Statutory funding that may already be available
Before deciding to raise funds, find out what the statutory services have a duty to provide, and in what circumstances they can provide funds. You should only fundraise for things that statutory services don’t provide.
The list below should help clarify the situation for you:
- Wheelchairs and mobility equipment Your local wheelchair services, which is part of the NHS, should provide wheelchairs. Your GP can give you a referral to wheelchair services, acting on recommendations from your neuromuscular consultant. The NHS should also provide walking aids, after assessment by a physiotherapist or occupational therapist (OT). If you want an assessment, ask your GP for a referral.
- Adapted vehicles If you’re on the enhanced rate of the mobility component of Personal Independence Payments (PIP), or the higher rate of the mobility component of Disability Living Allowance (DLA), you can get a specially adapted vehicle via the Motability scheme. This is a non-statutory provision, which involves exchanging your PIP or DLA mobility payments for a lease on car, scooter or powered wheelchair. See our Motability factsheet for more information about the scheme.
- Equipment to assist independence at home This can be provided free of charge by Social Services, following an assessment by an OT.
- Medical equipment This is provided free of charge by the NHS.
- Medical treatment This is provided free of charge by the NHS. Always speak to your consultant first before investigating treatment options abroad or alternative therapies).
- Home adaptations These can be funded through a Disabled Facilities Grant (DFG), which is free (up to a certain amount) for children under 18, but means-tested for adults. Your local Social Services or OT can help you access this grant. See our Grants for housing adaptations factsheet for more information.
- Computers The education authority can fund computers for use in school and the employment authorities for use at work. Speak to the Disability Employment Adviser at the Job Centre Plus for further information.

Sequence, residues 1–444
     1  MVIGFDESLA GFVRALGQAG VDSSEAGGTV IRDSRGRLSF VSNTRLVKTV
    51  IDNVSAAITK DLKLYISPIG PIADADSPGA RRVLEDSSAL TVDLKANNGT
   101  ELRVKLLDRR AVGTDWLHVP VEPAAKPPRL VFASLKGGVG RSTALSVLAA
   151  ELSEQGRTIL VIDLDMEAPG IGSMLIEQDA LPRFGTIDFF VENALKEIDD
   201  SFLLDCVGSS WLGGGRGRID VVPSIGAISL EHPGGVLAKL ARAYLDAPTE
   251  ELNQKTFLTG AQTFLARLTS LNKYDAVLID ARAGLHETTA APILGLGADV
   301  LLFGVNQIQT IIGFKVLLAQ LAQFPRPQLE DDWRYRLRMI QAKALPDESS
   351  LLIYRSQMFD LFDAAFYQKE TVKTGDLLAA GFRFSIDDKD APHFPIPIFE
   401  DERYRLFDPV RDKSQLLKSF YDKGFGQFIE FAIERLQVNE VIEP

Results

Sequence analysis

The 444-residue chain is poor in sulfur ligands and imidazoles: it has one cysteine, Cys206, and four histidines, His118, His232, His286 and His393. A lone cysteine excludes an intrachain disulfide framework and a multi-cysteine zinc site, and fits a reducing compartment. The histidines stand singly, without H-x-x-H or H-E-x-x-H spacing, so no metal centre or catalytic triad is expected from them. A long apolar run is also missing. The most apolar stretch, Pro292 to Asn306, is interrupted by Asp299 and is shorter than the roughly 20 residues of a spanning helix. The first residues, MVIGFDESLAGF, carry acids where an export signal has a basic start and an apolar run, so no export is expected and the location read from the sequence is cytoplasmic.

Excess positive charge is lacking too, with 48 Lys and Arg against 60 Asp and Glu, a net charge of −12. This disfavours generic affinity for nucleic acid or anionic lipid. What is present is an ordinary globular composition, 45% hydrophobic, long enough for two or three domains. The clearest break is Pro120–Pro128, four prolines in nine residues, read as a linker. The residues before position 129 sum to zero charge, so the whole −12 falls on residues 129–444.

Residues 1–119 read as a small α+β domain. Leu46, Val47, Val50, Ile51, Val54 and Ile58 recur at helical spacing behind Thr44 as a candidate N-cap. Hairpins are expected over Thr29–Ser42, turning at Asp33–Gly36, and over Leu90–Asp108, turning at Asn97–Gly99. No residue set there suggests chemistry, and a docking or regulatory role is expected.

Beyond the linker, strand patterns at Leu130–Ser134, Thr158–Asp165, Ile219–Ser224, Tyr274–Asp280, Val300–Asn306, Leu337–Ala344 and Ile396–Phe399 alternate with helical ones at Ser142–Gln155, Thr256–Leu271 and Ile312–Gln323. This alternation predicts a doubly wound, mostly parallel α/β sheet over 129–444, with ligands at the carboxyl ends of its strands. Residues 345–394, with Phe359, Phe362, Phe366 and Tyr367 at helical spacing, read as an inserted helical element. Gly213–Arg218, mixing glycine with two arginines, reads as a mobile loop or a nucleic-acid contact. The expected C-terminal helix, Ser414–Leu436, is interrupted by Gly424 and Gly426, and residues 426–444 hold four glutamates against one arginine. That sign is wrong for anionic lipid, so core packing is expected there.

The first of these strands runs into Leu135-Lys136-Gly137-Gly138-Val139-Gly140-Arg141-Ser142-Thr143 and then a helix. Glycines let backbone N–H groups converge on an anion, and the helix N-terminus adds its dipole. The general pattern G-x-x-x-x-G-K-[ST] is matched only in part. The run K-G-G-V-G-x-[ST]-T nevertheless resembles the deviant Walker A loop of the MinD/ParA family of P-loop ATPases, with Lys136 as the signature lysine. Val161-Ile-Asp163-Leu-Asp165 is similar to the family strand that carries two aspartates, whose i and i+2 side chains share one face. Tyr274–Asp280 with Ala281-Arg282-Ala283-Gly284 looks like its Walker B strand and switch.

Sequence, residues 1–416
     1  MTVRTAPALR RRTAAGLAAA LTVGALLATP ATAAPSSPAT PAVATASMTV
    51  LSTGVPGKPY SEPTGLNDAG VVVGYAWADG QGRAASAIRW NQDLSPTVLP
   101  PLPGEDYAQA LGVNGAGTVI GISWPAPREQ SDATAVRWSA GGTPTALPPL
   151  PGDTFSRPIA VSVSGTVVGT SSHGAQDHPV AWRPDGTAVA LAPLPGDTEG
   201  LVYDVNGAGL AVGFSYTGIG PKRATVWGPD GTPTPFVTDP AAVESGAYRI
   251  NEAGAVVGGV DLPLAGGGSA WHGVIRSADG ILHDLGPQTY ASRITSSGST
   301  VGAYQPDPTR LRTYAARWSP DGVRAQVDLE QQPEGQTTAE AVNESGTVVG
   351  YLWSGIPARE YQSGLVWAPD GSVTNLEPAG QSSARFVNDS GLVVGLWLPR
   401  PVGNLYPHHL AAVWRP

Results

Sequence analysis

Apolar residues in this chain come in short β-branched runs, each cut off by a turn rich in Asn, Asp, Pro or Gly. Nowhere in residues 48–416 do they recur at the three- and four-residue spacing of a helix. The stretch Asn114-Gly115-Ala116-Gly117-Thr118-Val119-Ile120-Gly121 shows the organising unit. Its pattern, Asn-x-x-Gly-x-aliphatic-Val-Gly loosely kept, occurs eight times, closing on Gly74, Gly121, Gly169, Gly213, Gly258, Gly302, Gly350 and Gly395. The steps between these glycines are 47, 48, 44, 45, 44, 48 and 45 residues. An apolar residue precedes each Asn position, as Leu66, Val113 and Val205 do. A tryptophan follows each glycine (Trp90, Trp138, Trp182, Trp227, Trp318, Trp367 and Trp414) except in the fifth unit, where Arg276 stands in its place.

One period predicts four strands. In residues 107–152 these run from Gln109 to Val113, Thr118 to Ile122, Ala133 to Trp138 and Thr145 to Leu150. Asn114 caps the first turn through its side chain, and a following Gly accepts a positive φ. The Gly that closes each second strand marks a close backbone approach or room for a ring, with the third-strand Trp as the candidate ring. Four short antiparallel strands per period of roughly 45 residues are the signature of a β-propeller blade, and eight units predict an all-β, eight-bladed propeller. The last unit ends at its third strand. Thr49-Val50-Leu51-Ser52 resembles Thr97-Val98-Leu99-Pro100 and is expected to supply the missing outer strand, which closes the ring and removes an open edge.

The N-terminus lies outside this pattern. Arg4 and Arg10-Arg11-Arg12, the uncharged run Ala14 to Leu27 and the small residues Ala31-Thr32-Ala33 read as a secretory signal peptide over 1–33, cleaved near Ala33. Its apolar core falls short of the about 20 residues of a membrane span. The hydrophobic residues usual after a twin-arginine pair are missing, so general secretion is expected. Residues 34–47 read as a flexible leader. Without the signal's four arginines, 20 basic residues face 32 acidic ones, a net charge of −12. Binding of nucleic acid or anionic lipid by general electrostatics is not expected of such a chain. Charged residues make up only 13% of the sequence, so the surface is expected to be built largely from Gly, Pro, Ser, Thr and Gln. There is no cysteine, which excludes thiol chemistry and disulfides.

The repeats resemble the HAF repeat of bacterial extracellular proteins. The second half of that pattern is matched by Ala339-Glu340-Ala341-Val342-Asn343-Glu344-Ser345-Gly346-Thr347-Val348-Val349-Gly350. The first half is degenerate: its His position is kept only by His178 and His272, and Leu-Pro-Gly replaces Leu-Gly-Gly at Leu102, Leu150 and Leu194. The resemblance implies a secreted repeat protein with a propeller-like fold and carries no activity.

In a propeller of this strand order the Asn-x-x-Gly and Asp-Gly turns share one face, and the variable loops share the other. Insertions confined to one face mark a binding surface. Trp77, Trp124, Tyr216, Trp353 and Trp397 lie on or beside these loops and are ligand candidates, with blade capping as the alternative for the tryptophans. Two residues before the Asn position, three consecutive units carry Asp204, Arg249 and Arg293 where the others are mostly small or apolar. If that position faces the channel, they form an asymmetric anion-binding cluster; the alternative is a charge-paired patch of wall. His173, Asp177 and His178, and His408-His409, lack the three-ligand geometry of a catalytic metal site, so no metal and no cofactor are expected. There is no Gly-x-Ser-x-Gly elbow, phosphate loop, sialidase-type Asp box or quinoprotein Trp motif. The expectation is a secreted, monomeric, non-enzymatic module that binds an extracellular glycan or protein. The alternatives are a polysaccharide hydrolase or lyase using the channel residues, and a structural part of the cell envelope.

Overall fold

- Education The state has a duty to provide appropriate education for all children. If necessary, they can fund education in a private or charitably run establishment.
- Care packages Get in touch with your local Social Services. ‘Social care’ (such as washing, dressing and meal preparation) may be means-tested, while ‘medical care’ (which needs to be given by a nurse or doctor) is not. See our Care package factsheet for more information.
- Respite care Funding for respite care may be available via the NHS or Social Services.
Things to remember when raising funds
When fundraising for yourself or someone else:
- never raise funds without the knowledge and agreement of the person needing the equipment or care
- never raise funds for equipment that the individual has not had a professional assessment for
- know how much you need to raise and only start fundraising if you are confident it is achievable
- be clear with donor charities or individuals that the fundraising is for an individual and not for a registered charity
- keep clear accounts, including all paperwork and receipts
- return any funds that cannot be used for the agreed purpose
Criteria for funding applications
Every organisation will have their own criteria. You can usually find this information on their website or by phoning the office.
Here is a guideline of things organisations generally look at when deciding whether or not to award a grant:
- what the request is for
- where the person lives
- the age of the person
- the financial status of the person or family applying
- the applicant’s employment background (including periods of military service)
- support of a relevant professional
- the amount of funding required